In 2020, women made up just over half of the hospitality industry, with the Bureau of Labor Statistics reporting 50.4% of the overall leisure and hospitality industry and 51.8% of the accommodations workforce being women.
Women are also greatly affected by the current unemployment situation the United States is facing.
How is unemployment affecting women?
The leisure and hospitality industry is still facing one of the highest unemployment rates since April of 2020 when we first saw the effects of COVID-19. It is currently at 15.9%, which has considerably decreased from the 39.3% we saw at the height of COVID.
With so much of the hospitality industry being women, they are also greatly being affected by the elevated unemployment rate. In December, women accounted for 57% of the 49,800 hospitality jobs that were lost in the hospitality industry according to a report by the National Women’s Law Center (NWLC).
The overall unemployment rate for women 20 years and over in January 2021 was at 6.0% which was a slight decrease from the 6.3% reported in December 2020. Overall, there are 53.6% women 20 years and over employed across all industries compared to 65.5% men.
In January 2021, African American women are facing an 8.5% unemployment rate, and Hispanic or Latino women are facing 8.8% unemployment. Women, 16 to 64 years old, who have a disability are currently facing 11.3% unemployment.
38.6% of the women who lost their jobs during the pandemic have been out of work for 6 months or longer, 40.8% for African American women, and 44% for Asian women.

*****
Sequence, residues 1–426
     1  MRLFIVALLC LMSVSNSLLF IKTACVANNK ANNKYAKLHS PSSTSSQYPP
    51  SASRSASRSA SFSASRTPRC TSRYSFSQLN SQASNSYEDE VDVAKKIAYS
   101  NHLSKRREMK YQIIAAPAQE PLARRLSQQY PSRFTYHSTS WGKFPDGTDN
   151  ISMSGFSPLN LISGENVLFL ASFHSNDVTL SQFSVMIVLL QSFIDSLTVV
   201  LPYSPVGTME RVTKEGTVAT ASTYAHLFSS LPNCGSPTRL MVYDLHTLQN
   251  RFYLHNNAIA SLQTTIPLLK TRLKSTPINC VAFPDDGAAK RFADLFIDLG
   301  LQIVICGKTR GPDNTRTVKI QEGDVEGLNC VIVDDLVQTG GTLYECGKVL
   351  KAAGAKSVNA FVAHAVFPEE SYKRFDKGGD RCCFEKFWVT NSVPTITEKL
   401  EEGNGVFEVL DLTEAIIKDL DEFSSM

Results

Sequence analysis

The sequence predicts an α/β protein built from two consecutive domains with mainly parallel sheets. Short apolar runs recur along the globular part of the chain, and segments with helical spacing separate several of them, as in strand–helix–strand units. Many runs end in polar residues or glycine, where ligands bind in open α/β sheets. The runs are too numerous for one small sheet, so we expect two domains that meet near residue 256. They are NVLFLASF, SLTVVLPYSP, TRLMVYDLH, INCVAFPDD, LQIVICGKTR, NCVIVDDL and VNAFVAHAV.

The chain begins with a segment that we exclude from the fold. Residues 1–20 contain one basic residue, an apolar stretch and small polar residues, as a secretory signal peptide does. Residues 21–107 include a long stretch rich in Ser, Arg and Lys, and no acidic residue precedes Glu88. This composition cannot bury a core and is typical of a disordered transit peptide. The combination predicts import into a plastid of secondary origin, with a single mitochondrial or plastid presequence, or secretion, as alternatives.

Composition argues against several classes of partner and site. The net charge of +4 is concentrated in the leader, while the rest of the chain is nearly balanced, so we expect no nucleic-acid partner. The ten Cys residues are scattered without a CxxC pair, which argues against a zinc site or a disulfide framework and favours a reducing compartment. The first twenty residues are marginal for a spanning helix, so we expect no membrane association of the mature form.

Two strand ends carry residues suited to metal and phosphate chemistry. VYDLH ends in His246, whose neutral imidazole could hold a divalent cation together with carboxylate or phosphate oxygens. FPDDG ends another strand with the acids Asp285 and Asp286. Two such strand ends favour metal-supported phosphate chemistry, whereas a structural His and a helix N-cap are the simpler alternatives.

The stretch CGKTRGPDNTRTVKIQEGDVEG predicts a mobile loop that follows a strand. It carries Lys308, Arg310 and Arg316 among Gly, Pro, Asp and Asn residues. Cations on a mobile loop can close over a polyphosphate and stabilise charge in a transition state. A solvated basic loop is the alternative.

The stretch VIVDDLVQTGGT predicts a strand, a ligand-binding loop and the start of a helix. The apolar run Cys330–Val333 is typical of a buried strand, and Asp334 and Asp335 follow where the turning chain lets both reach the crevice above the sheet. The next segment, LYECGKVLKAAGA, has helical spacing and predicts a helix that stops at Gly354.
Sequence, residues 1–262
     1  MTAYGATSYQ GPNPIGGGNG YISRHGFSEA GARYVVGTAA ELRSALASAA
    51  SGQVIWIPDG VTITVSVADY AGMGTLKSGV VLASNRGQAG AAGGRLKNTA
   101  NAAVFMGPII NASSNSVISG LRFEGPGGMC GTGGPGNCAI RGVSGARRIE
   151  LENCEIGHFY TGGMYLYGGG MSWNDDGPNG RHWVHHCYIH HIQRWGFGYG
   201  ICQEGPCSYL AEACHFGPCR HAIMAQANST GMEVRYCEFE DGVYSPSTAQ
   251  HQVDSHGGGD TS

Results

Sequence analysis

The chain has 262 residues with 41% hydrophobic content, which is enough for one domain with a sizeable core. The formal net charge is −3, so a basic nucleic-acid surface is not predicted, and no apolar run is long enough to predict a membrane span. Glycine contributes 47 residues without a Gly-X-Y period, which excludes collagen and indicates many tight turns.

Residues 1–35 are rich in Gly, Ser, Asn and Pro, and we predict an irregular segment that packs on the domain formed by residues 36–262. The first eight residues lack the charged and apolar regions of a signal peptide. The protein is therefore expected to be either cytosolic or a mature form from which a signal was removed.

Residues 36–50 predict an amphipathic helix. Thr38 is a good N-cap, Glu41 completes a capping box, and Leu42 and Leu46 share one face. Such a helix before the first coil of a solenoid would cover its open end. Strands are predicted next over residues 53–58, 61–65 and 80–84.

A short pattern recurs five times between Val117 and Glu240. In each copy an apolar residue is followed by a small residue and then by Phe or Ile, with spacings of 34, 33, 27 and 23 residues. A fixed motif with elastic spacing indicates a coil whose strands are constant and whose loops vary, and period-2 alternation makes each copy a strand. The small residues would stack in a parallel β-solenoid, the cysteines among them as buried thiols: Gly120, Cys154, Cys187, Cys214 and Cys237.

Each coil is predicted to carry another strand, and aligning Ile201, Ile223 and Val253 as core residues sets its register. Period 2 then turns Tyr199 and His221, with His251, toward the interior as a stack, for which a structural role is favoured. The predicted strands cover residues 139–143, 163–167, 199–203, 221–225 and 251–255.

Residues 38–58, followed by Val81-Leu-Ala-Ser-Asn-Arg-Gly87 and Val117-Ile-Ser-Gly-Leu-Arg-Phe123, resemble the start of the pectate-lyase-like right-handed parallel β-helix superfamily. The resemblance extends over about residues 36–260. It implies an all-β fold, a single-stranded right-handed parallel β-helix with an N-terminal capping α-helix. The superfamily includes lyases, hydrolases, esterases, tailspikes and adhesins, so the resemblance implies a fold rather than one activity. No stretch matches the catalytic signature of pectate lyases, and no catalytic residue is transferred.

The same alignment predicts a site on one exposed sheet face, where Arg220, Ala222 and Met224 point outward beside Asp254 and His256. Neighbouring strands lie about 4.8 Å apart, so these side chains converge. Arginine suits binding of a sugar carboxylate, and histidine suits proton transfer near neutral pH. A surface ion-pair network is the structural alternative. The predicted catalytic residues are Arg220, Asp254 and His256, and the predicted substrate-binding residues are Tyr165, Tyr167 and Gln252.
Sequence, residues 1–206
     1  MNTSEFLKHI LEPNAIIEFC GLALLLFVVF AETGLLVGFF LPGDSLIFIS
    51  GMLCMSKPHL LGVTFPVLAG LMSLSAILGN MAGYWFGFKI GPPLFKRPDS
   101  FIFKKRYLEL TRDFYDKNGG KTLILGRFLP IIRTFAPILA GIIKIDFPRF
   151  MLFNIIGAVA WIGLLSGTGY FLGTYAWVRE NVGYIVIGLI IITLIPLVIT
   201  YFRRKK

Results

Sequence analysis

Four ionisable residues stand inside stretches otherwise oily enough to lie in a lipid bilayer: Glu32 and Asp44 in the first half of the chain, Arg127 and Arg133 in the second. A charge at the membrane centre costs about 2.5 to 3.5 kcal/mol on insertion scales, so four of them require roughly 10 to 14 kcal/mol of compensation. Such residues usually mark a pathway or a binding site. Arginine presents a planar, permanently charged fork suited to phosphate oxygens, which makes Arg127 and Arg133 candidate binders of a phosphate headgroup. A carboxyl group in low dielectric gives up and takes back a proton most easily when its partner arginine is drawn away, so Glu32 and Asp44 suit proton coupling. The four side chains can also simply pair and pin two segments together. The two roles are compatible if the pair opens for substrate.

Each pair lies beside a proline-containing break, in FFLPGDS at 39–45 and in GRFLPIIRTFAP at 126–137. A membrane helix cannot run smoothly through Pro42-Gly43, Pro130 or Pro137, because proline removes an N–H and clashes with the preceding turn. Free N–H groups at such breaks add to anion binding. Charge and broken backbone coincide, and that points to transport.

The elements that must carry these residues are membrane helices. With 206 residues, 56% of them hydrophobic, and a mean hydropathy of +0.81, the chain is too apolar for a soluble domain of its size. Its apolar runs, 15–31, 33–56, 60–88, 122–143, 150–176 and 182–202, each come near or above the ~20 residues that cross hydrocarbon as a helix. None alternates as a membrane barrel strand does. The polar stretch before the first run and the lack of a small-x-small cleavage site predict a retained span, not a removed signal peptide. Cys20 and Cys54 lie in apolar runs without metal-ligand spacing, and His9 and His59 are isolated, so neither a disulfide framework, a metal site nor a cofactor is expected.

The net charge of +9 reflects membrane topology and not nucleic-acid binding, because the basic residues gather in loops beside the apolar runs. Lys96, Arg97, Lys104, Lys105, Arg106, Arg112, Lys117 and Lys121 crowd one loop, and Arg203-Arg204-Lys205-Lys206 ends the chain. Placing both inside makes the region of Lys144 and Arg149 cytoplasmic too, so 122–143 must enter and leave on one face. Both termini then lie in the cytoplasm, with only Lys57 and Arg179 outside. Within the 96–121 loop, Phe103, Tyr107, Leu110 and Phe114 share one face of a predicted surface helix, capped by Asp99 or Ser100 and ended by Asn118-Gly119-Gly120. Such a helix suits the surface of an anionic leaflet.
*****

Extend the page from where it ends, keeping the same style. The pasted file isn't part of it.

275,000 women left the U.S. labor force in January, meaning they stopped working or looking for work. Overall, 80%, or 2.3 million, of all U.S. adults who stopped working or looking for work are women.
Why are so many women leaving the workforce or facing unemployment?
One of the major factors affecting women in the workforce is childcare. With schools and daycares staying closed or having part-time in-person schedules, children are staying at home more, meaning at least one parent has to stay home as well, and with women typically earning less than their male counterparts, they find themselves staying home more.
Another reason is, with women making up large portions of the hospitality jobs faced the most unemployment. In 2018. Women made up 84.7% of housekeeping positions, 70% of waiters and waitress positions, and 58.1% of bartenders versus 14% of hospitality leadership positions.
Finally, the longer that you are unemployed, the harder it becomes to find a new opportunity. As mentioned above, 38.6% of women overall have been unemployed for 6 months or longer, and even higher rates for women of color.
As we continue to get the public vaccinated, hospitality companies will see reservations and bookings pick back up, and then a need to rehire more workers will pick up as well. With women making up a large part of the hospitality workforce, there will be many opportunities available for those who are willing and able to return to work, so don’t give up!